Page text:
Directvent needs to draw air in from the outside so you will either need two vent pipes or a concentric one with the exhaust inside the intake vent. A power vent draws in indoor air for the combustion and only needs an exhaust vent. This can lower your installation costs and frees up where you can vent your unit.
- Tankless water heaters use fans to blow exhaust from the unit horizontally, allowing vents to terminate on the side of a house. You can’t use an existing tank vent if it goes from the basement to the roof. Keep in mind that you will likely need to drill through a wall to do this.
- An exhaust vent can be metal or PVC, but what kind of unit will determine which you can use. For instance,
a metalor stainless steel vent exhaust will get very hot and will cost more to seal to the wall since you can’t use a siliconeto seal the gap. A concentric or condensing unit will solve this problem. PVC does not heat up and costs less to vent because of this.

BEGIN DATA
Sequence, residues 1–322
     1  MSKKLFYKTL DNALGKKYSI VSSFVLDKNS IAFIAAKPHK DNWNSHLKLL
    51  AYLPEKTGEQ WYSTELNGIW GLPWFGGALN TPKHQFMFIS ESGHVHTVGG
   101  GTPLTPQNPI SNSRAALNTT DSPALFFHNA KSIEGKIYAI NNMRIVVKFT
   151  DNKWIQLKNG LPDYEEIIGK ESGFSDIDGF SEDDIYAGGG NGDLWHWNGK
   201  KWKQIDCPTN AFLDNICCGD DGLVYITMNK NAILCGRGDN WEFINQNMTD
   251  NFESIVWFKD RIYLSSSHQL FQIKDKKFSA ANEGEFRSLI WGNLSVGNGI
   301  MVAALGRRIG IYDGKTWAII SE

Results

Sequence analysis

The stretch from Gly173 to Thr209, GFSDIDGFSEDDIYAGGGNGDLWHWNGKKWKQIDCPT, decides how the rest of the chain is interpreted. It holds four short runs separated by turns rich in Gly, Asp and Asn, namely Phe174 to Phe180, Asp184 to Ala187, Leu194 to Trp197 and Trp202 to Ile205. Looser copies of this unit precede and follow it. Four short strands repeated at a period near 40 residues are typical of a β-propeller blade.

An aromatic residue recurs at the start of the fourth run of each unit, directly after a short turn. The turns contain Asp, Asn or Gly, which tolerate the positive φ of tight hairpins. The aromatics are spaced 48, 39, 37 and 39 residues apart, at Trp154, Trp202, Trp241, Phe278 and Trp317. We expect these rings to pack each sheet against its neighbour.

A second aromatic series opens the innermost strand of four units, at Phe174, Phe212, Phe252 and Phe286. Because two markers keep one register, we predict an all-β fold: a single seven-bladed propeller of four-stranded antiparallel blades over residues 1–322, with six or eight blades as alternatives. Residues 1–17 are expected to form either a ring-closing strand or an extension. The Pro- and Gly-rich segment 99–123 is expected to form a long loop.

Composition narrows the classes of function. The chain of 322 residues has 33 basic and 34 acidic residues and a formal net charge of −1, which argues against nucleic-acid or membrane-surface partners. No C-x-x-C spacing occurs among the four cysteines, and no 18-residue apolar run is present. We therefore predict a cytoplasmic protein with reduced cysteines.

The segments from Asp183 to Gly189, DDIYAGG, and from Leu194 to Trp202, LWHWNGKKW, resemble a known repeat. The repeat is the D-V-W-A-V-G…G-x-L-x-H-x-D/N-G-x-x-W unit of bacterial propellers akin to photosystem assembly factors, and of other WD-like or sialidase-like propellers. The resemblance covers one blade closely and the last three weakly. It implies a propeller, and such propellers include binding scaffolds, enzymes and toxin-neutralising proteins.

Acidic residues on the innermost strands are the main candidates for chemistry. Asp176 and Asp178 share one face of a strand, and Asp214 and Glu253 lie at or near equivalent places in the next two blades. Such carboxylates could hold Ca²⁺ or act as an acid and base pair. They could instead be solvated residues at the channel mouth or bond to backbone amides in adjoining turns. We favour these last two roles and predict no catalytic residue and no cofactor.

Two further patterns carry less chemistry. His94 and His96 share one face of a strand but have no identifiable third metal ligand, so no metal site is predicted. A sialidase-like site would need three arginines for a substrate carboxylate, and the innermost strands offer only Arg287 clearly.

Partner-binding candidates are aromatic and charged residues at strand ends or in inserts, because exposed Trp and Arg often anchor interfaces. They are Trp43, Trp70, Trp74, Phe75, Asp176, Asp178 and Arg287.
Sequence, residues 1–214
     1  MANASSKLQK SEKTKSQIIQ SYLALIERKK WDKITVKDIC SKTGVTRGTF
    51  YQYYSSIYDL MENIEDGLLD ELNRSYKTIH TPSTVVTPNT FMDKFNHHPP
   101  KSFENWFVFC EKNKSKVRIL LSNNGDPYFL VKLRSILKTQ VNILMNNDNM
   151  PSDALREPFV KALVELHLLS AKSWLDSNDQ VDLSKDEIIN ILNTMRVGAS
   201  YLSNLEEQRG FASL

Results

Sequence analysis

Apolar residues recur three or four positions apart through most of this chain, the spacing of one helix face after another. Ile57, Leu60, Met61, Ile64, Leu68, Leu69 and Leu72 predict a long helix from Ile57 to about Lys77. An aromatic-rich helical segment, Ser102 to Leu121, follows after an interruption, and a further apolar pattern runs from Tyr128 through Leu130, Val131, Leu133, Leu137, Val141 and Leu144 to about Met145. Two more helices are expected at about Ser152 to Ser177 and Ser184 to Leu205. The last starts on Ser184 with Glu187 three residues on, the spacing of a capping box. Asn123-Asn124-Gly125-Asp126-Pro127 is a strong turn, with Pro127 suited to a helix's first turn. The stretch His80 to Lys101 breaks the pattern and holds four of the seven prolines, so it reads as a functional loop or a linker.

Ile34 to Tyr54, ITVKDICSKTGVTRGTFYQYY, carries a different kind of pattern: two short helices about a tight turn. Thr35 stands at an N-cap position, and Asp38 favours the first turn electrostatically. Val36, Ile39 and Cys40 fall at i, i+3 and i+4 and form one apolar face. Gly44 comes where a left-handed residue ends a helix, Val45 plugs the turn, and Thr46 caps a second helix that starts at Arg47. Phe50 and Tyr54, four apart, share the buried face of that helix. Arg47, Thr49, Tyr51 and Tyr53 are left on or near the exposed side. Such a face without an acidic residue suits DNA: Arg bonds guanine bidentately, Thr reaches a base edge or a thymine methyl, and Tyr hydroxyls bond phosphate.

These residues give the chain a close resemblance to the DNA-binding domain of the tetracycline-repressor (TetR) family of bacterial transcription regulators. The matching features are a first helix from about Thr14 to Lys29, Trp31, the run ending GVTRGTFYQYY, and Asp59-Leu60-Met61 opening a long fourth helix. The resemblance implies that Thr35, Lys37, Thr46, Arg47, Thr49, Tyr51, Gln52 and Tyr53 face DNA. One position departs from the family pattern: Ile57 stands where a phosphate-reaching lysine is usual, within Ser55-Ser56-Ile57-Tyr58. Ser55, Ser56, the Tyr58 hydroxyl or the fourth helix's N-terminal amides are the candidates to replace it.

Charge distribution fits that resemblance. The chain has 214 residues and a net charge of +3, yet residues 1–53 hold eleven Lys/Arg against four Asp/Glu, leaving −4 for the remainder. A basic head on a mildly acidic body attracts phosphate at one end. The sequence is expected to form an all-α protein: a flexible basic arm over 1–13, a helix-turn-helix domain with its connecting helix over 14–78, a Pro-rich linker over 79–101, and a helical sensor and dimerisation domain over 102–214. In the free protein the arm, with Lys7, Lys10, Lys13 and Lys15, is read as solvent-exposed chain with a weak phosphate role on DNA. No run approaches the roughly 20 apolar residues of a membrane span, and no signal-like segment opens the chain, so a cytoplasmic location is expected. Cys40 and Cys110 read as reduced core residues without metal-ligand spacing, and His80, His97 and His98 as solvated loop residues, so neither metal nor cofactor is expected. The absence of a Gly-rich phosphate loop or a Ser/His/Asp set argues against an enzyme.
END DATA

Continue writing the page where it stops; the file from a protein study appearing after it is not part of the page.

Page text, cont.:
- Outdoor tankless water heaters don’t need a vent so they are the easiest ones to locate as you only need to consider how close to a window you place it. There are problems with outdoor tankless water heaters so it is still not the ideal solution.
Tankless water heater location code
The installation code for a tankless water heater varies a lot by location. Since it would not be economical of me to provide the codes for every town in the United States and Canada, let me just give an example. I randomly picked San Jose California as an imaginary location for us to do our home installation.
Before you even consider where you are allowed by your town to install a tankless water heater, make sure you are following the specific instructions of the manufacturer as to where they recommend.
Ok, so San Jose has the following requirements for where to install the tankless water heater:
- Vent termination – All tankless water heater vents must terminate at least 4 feet from a property line.